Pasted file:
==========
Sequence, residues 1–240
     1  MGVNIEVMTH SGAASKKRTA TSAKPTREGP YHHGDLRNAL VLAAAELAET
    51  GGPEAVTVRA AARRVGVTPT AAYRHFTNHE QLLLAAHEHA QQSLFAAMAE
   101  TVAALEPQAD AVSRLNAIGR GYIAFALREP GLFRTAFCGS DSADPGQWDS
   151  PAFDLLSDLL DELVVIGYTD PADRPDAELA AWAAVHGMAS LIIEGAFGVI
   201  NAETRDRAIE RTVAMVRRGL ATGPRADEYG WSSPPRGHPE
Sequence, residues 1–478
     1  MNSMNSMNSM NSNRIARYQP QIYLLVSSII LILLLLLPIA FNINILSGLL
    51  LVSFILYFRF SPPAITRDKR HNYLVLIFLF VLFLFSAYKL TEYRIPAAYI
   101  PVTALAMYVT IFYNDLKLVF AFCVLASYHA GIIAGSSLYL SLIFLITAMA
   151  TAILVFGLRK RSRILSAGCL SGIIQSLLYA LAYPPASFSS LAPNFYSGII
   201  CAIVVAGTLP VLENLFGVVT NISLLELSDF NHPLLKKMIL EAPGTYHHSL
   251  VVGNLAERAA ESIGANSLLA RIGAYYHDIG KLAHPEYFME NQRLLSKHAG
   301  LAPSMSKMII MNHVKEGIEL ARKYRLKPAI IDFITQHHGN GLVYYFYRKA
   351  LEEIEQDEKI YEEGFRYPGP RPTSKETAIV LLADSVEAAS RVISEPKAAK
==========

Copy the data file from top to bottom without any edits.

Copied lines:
Sequence, residues 1–240
     1  MGVNIEVMTH SGAASKKRTA TSAKPTREGP YHHGDLRNAL VLAAAELAET
    51  GGPEAVTVRA AARRVGVTPT AAYRHFTNHE QLLLAAHEHA QQSLFAAMAE
   101  TVAALEPQAD AVSRLNAIGR GYIAFALREP GLFRTAFCGS DSADPGQWDS
   151  PAFDLLSDLL DELVVIGYTD PADRPDAELA AWAAVHGMAS LIIEGAFGVI
   201  NAETRDRAIE RTVAMVRRGL ATGPRADEYG WSSPPRGHPE
Sequence, residues 1–478
     1  MNSMNSMNSM NSNRIARYQP QIYLLVSSII LILLLLLPIA FNINILSGLL
    51  LVSFILYFRF SPPAITRDKR HNYLVLIFLF VLFLFSAYKL TEYRIPAAYI
   101  PVTALAMYVT IFYNDLKLVF AFCVLASYHA GIIAGSSLYL SLIFLITAMA
   151  TAILVFGLRK RSRILSAGCL SGIIQSLLYA LAYPPASFSS LAPNFYSGII
   201  CAIVVAGTLP VLENLFGVVT NISLLELSDF NHPLLKKMIL EAPGTYHHSL
   251  VVGNLAERAA ESIGANSLLA RIGAYYHDIG KLAHPEYFME NQRLLSKHAG
   301  LAPSMSKMII MNHVKEGIEL ARKYRLKPAI IDFITQHHGN GLVYYFYRKA
   351  LEEIEQDEKI YEEGFRYPGP RPTSKETAIV LLADSVEAAS RVISEPKAAK